Despite the person, who came to my school talking about how they arrived at estimated grades, saying that they should never be used as ‘target grades’, the school informed us that the data generated was to be used as a target grade for every pupil.
A grade set by English, maths results at key stage 2 will be used to create an aim for a pupil in year 10, a ‘minimum’ expectation in the GCSE exam…
This was not all. I was then instructed to not only inform my pupils but to get them to write the grade on the front of their books so that they would remember it when ‘OfSTED’ came in. In order to ensure this was happening some SLT came into classes and asked a pupil or two: ‘What’s your target grade?’ If they didn’t know, they’d get told off. If they didn’t know, the teacher would get told off.
When I refused to get my pupils to put their grades on their books I got told off. I kept not doing it. After a threat of disciplinary procedures I eventually got my pupils to write the grades inside the books, whilst telling them they were nonsense, that in the drama room we didn’t care about the grade we just cared about the quality of the work. I was also expected to ‘grade them’ accurately every fortnight to see if they were ‘on’ target. This, again was ludicrous. Nigh on impossible in a drama class, well, at least, in my drama class I argued. And as for a one sentence improvement comment, a ridiculous waste of time. Feedback is verbal, I argued, in situ, to the child and is far more than a glib comment. None of this ingratiated me with my line manager.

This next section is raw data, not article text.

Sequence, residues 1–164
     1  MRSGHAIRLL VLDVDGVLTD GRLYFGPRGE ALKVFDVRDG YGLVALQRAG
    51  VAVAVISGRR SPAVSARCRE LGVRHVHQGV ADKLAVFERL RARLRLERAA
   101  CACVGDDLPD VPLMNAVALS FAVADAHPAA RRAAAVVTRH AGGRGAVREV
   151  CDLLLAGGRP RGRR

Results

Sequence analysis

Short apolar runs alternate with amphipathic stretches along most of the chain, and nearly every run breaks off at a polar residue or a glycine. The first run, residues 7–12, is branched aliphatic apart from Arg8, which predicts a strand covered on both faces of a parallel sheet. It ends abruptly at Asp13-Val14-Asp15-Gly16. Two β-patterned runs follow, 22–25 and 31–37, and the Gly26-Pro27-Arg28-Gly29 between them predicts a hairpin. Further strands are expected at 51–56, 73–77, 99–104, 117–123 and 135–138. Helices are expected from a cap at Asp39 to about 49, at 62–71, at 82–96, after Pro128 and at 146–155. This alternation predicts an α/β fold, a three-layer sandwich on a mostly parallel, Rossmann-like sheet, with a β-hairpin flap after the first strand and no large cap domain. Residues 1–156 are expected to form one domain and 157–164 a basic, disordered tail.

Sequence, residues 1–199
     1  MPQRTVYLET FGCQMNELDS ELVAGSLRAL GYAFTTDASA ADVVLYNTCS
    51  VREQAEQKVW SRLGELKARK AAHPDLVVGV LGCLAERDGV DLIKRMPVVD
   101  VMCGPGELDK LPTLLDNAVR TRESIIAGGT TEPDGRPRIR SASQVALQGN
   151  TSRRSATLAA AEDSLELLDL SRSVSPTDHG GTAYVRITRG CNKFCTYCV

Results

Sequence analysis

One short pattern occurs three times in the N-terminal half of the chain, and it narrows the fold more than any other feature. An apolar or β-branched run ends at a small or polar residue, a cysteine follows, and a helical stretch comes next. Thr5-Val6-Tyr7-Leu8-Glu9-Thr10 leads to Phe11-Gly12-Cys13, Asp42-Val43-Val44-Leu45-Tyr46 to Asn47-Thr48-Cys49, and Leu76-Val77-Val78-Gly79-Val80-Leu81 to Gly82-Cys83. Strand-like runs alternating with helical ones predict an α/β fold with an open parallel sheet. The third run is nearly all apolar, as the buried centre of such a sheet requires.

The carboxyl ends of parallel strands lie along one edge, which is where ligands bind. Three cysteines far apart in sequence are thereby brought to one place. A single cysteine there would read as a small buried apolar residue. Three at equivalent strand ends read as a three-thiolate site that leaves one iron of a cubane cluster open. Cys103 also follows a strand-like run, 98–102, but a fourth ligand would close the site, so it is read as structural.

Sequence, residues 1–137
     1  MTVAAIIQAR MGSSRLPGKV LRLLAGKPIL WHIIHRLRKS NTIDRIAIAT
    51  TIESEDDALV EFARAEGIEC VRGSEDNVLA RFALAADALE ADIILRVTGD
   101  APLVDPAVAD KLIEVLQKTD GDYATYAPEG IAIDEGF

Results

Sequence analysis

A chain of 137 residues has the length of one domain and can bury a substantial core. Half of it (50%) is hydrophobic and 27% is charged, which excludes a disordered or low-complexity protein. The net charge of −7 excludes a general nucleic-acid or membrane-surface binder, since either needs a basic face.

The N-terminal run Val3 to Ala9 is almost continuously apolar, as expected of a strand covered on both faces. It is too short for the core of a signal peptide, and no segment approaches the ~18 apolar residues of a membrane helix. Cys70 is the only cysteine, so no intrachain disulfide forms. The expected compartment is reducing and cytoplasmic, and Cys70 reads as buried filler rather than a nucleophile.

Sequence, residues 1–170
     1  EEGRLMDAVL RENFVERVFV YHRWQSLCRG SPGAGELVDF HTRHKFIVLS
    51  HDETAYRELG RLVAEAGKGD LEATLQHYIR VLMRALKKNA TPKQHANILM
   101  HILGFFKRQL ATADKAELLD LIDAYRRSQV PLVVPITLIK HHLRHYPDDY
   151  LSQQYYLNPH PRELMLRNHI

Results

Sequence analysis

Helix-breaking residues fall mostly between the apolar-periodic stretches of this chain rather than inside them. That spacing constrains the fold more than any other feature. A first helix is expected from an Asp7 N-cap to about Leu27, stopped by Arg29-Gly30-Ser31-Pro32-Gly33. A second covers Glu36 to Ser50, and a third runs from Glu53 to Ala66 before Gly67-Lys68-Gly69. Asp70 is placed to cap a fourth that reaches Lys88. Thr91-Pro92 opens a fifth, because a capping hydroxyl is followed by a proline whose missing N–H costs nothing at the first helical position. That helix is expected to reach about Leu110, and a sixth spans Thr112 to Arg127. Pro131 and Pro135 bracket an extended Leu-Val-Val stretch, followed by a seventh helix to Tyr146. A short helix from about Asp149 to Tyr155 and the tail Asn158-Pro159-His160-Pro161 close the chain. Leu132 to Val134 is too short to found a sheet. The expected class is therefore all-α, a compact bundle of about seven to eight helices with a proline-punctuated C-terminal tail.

All we needed, I told my pupils, was to make great work and maybe you’ll get a great grade… if the examiner is good enough.
I remember going through the ‘target’ grades with a class and a girl who loved drama, who was very enthusiastic and new to the school; I called her name, she came up to me to get her target grade…
She had tears in her eyes. I told her it was ludicrous. That I didn’t think it mattered, that tests in English and maths had no bearing on how good she was. She was to become such a great student, producing memorable work and was an extremely important member of the class.
I can’t recollect what grade she got in the end, it was either a B or an A, no matter. The other day I saw her on a terrestrial TV channel acting in a drama serial and acting superbly.
Whether her target grade had been an E or a B, it wouldn’t matter. The grade is a distraction. What the aim should be is not a grade but a profound engagement with the subject.
Yes we might need to get grades as currency but if we make this currency the be all and end all of our learning we cease to focus on the subject and instead see it as little more than the means to get a job or place in a college. Or just a fifth GCSE. Or Eighth. Cynical instrumentalism. The emphasis becomes less about the fascination with a body of knowledge and more about grade capital.
Estimated grades might have a purpose in the back office of a school, but they should not be shared as target grades with individual students. Especially outside of the subjects that were graded at key stage 2. Even in these subjects I think the sharing of the grade might be of little benefit. The focus in the classroom should be in the learning of the material, the knowledge needed, not ‘what do I need to do to get a C or a 4 or a 5…’
This is why I’d like to see us shoot the target grade…